43:47 - Question about a news website with infinite scroll that shows the latest 100 articles. If you want people to be able to find the articles on Google then provide some kind of navigation on the website. I thought that this statement was interesting. He said, “If we don’t have context for individual articles and they’re only listed in a sitemap file then it’s really hard for us to determine how relevant they are for individual queries because it starts to look like this is just some random url on your website that nobody is recommending and that isn’t even recommended within your own website so it’s really hard for us to determine how important or relevant that page might be.” Having pages linked via some type of navigation is important. I personally think this could be a Panda issue for some sites. If you have all sorts of orphan pages that aren’t linked from anywhere then this could be a sign of low quality.
45:20 - Site:query is showing extra pages in the index. Is this a Panda issue? The site has 950 pages in the Google index but there should only be 250. Could this be affecting their Panda recovery? John says it does make sense to clean out the lower quality pages like this. But, be careful in looking at the site:query as it can be inaccurate and doesn’t always represent what is in the index. It’s possible for this case that those extra 700 pages are not actually in the index. Still, redirecting the extra urls that shouldn’t be indexed to appropriate pages is helpful. To know if you are making a difference in succeeding at removing these pages from the index, rather than using the site:query, look at your index status in WMT. You should see the numbers going down.
46:30 - Should a change from https to http cause ranking problems? There could be some minor fluctuations short term not long term. Having https shouldn’t cause you to rank better. However, if users prefer https then this could have a positive effect on the site.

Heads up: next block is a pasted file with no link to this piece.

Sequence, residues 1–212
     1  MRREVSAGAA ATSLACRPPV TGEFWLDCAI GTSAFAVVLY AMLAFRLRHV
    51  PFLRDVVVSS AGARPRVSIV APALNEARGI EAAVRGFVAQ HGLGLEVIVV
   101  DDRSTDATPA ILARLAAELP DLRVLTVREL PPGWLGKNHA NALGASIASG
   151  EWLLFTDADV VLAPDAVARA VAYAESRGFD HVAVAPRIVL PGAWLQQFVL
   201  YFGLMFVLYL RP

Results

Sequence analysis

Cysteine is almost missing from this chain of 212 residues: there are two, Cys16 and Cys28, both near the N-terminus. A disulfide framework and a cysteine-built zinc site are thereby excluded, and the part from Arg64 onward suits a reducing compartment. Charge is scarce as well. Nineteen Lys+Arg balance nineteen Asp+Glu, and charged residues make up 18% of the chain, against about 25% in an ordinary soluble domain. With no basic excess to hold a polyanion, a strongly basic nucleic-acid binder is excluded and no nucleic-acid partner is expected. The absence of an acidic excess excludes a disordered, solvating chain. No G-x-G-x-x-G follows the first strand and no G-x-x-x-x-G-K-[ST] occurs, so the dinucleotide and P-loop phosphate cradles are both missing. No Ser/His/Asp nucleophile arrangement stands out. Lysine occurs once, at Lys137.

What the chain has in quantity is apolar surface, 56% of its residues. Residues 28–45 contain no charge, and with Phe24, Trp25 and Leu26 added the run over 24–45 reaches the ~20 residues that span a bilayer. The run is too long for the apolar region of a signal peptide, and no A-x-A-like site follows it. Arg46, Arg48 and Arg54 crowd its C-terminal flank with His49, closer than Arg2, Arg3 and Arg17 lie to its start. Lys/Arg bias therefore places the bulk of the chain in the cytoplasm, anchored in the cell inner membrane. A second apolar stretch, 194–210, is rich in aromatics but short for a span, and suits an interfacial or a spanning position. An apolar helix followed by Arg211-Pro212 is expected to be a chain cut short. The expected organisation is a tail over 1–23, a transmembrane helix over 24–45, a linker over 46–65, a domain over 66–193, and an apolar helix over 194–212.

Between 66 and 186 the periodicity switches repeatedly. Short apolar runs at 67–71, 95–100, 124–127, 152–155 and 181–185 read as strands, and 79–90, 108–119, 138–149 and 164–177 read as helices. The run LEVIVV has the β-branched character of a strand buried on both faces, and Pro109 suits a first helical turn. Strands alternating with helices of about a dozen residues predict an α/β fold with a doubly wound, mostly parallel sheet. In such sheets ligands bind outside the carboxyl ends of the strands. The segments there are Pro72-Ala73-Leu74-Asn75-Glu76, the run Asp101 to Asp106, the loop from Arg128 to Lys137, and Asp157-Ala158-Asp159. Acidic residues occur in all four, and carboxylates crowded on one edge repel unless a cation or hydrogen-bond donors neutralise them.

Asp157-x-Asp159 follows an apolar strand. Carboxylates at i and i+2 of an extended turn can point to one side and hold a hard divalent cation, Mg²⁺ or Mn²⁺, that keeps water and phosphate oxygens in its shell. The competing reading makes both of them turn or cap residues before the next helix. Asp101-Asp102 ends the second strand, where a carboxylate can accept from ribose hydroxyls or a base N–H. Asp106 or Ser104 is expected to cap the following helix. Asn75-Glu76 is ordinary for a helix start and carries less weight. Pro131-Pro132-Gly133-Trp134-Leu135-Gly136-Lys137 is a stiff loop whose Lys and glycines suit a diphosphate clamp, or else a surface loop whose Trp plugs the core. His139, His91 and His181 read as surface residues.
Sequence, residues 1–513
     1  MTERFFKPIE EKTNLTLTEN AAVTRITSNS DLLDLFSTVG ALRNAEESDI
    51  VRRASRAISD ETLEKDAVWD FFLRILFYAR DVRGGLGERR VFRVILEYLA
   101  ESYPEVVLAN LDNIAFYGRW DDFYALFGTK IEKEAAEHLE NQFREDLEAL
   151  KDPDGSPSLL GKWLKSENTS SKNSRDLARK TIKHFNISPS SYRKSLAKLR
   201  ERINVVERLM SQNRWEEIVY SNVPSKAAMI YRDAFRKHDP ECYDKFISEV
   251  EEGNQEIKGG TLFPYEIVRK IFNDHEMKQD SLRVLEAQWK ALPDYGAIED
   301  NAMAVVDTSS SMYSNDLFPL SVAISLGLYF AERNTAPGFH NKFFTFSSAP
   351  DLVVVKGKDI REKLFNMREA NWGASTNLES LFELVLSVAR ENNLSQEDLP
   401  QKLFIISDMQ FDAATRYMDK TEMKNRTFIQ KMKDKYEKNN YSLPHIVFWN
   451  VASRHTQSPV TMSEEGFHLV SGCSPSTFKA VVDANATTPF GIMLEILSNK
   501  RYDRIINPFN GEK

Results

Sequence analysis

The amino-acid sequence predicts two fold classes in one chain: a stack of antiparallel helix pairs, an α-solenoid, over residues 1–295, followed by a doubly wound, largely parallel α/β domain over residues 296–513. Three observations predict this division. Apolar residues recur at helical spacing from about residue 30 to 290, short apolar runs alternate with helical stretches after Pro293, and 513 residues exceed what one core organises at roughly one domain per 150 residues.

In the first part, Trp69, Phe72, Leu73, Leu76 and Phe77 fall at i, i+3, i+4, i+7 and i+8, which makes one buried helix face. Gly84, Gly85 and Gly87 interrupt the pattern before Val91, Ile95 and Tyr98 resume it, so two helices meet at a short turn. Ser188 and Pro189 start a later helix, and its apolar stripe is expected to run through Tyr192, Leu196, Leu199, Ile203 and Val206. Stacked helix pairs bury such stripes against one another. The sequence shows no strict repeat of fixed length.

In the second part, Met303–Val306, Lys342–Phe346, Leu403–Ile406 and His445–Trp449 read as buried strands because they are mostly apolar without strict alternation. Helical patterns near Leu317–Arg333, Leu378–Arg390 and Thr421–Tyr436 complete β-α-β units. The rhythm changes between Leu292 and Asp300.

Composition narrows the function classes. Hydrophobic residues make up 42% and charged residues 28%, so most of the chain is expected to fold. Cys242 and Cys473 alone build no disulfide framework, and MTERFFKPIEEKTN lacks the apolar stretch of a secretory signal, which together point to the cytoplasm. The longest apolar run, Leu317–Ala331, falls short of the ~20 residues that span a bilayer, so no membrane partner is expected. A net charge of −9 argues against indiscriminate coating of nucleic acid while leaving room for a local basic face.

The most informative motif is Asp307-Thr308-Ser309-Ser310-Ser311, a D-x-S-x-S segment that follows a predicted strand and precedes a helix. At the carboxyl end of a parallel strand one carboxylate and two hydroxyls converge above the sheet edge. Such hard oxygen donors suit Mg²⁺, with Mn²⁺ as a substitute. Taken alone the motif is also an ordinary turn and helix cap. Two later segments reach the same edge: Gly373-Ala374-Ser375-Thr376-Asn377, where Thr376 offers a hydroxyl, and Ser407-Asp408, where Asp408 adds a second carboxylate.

48:00 - Question about a penalty that appeared and then disappeared. In general if there is no penalty shown in the manual actions viewer then there is no manual penalty.
50:06 - How do you know if you have a rich snippet penalty? John said it should be shown in WMT and you can do a normal reconsideration request.
54:00 - Is there a character limit for title tags? the search results layout has changed so the title is shortened, but there isn’t a character count. Google will rewrite the title if they think it is appropriate.
55:15 - Are all of the links that you see in WMT relevant to ranking? No. The list includes nofollowed links, disavowed links and also ones that Google is just not counting because they don’t trust them. Should nofollowed links that show up in large quantities be disavowed? “No. If they’re nofollowed they are essentially not used in our rankings.” John said you do not need to disavow nofollowed links. John also said that they also don’t need to be removed.
This was one of the best hangouts I have seen in a while with lots of really helpful information. Once again, thank you to John Mueller for running these. If you have a comment I'd love for you to leave one below.